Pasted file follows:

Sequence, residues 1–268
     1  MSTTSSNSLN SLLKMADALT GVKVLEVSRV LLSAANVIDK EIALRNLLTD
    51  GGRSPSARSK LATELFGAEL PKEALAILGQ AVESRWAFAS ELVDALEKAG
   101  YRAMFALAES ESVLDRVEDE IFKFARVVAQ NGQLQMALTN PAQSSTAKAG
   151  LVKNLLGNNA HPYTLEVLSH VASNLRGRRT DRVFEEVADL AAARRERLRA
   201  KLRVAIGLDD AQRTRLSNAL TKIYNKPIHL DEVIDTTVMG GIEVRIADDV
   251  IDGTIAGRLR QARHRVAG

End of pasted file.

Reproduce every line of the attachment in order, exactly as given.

Sequence, residues 1–268
     1  MSTTSSNSLN SLLKMADALT GVKVLEVSRV LLSAANVIDK EIALRNLLTD
    51  GGRSPSARSK LATELFGAEL PKEALAILGQ AVESRWAFAS ELVDALEKAG
   101  YRAMFALAES ESVLDRVEDE IFKFARVVAQ NGQLQMALTN PAQSSTAKAG
   151  LVKNLLGNNA HPYTLEVLSH VASNLRGRRT DRVFEEVADL AAARRERLRA
   201  KLRVAIGLDD AQRTRLSNAL TKIYNKPIHL DEVIDTTVMG GIEVRIADDV
   251  IDGTIAGRLR QARHRVAG